ANYWAY, the point being, Pit remodeled and reopened the Brotherhood, and the happy hour Thekla crowd migrated over there. That’s where most of 2003 and 2004 took place, in the Broho. It was decorated with pictures of JFK, giant Bollywood posters, a gigantic acoustic guitar hanging from the ceiling, and a portrait on the outside patio. I still feel it’s the greatest bar in the world.
Say Goodnight, ShrugThe last nine months of Shrug Festival were probably the best in the show’s history. I don’t know if anybody was listening. I had moved to Tuesday nights at 11pm and decided to share the show with another guy named Paul. We hosted on alternate weeks.
I was doing more of the legwork for the show at home. I wasn’t necessarily waning in my appreciation for new music, but I felt there was more that I could be doing. My music references were going back further and broader, and just doing a playoff of whatever was in the new release bin wasn’t of particular interest in the show’s waning days.
So I started to do more contextualizing, trying to find music that even the deep catalog at KAOS didn’t have covered. On a couple of shows I experimented with sound effects and narrative. For example, one show started with sounds from the first minute and a half of the monorail ride from Disneyland Hotel to the adjacent amusement park. Nothing earth-shattering, that, but it was a nice change. I also started to get into music that was off all commercial grids, that could only really exist on the internet, like the Bran Flakes and Evolution Control Committee.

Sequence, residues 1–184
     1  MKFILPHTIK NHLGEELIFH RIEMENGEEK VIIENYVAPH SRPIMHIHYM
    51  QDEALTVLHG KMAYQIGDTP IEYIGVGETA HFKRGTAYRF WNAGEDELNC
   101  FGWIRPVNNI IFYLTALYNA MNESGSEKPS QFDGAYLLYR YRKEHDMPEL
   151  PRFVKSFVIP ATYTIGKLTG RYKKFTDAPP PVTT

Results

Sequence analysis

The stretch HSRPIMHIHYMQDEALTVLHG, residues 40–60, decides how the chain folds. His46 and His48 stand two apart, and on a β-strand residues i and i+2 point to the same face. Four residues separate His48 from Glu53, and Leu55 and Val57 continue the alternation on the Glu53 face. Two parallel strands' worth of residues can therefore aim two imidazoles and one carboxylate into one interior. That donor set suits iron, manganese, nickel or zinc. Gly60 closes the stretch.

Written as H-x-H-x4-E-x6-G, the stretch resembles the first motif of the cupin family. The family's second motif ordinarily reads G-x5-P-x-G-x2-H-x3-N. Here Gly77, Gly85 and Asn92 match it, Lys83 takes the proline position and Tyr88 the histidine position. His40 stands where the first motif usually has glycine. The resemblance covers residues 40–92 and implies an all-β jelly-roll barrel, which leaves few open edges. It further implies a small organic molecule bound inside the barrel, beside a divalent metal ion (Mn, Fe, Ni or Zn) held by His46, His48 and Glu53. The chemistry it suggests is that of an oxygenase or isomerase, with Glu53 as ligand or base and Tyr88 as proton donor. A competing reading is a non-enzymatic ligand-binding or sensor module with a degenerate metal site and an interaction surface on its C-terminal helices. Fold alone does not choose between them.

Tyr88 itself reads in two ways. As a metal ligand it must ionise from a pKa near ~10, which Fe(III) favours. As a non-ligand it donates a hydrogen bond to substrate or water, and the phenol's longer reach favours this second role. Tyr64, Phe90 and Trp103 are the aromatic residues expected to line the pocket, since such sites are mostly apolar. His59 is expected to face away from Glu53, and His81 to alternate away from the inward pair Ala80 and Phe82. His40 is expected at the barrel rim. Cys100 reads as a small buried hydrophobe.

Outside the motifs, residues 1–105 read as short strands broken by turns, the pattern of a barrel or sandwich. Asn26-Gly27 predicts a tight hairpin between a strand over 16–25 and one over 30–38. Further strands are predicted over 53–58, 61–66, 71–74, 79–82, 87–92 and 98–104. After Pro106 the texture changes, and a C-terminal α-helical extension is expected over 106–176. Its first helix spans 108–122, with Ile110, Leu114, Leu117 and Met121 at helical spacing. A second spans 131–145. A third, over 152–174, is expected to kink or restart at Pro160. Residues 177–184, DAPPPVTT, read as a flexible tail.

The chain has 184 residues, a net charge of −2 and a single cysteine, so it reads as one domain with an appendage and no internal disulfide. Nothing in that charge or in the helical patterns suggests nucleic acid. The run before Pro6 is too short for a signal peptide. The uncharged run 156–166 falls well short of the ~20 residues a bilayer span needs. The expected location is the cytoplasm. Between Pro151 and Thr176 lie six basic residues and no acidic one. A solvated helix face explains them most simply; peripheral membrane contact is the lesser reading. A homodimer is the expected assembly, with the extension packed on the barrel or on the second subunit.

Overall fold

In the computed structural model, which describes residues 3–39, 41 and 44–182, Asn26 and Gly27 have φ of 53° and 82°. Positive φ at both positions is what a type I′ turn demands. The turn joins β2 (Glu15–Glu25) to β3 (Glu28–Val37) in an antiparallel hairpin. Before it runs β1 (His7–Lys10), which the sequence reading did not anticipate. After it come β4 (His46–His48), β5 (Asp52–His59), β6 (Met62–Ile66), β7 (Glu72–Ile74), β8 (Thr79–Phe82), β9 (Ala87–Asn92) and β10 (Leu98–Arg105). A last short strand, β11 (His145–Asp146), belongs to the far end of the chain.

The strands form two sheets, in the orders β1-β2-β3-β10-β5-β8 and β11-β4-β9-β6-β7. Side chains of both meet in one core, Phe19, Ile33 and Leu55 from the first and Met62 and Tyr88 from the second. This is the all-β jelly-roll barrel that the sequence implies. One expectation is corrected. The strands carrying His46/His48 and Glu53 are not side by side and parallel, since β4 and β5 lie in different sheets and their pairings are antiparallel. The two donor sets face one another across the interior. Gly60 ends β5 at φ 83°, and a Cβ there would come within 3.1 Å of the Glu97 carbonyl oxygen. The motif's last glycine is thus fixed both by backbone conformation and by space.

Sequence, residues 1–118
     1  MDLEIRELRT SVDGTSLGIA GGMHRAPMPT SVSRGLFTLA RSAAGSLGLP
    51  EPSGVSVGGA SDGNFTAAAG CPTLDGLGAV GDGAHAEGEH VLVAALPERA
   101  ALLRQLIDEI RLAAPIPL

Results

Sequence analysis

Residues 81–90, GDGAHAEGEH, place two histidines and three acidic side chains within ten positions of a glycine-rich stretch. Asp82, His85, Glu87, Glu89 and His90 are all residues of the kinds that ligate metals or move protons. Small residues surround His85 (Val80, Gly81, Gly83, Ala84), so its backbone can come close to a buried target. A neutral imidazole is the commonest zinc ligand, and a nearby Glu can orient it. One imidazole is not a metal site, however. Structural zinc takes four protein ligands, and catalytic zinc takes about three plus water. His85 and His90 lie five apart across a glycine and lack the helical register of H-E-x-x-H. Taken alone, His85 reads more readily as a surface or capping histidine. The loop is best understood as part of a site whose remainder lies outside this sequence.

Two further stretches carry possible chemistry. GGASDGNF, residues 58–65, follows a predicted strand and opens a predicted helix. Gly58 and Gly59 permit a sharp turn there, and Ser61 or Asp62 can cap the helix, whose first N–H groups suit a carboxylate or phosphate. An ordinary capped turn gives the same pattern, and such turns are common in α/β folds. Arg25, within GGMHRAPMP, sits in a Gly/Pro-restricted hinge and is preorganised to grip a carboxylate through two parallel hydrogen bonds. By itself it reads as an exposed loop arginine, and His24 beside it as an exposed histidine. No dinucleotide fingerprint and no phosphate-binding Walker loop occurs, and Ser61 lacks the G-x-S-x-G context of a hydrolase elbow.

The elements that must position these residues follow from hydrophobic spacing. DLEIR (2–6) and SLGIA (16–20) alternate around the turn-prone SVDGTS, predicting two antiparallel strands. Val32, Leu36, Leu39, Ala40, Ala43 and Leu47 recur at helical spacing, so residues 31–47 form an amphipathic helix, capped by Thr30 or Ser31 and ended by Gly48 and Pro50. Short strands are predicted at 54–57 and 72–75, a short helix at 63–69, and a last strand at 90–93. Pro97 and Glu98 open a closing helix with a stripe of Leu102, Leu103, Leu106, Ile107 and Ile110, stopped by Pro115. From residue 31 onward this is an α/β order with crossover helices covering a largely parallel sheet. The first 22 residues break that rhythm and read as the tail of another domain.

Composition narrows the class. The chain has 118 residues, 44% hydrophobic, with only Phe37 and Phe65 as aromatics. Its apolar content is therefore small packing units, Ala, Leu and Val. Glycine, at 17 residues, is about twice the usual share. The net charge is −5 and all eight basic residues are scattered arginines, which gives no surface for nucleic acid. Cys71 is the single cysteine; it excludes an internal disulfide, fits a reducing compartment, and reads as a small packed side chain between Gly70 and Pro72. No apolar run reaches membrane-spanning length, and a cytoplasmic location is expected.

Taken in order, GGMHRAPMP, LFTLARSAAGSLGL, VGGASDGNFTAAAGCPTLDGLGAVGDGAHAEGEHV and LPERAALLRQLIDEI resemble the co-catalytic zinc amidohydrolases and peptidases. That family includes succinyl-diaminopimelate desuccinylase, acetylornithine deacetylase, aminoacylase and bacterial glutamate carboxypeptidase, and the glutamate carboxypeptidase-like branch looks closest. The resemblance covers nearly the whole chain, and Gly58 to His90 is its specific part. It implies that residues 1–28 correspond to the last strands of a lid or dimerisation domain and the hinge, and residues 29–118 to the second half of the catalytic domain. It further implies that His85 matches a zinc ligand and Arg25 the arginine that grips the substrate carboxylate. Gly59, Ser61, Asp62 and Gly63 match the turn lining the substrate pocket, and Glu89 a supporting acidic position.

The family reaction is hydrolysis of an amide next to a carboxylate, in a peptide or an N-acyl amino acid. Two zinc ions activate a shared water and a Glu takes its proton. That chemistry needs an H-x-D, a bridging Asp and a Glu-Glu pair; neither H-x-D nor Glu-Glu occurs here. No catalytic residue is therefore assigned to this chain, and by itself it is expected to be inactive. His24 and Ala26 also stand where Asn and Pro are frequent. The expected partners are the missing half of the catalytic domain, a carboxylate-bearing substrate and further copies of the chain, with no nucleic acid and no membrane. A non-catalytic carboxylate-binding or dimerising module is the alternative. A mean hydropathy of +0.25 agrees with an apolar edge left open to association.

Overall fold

About eleven years afterward, I would take some of what I learned from the last few months of Shrug Festival and apply it to my series of mixtapes, which you can at least partially blame for Song Of The Day’s pending demise. But we’ll jump back to that.
By the end of Shrug Fest’s run I’d finally felt like I’d finished whatever it was I’d set out to do when I came back to KAOS five years earlier. I knew that I’d want to return to public radio when I had a chance, but if I did it wouldn’t be the same thing.
In fact I already knew what I wanted to do on public radio thanks to Shannon, aka DJ Action Slacks. She hosted an R&B legacy show called Soul Kitchen, and she asked me to sub three or four times during the second KAOS run. I loved subbing Shannon’s show, because I realized how truly difficult it is to do a bad show when you’re playing R&B oldies. It’s nearly impossible. Working on Soul Kitchen made me realize what I wanted to do in my autumnal public radio years. We’ll jump back to that as well.
As for Shrug Festival, it ended in May 2005. Today’s Song Of The Day was the last song I played on the show.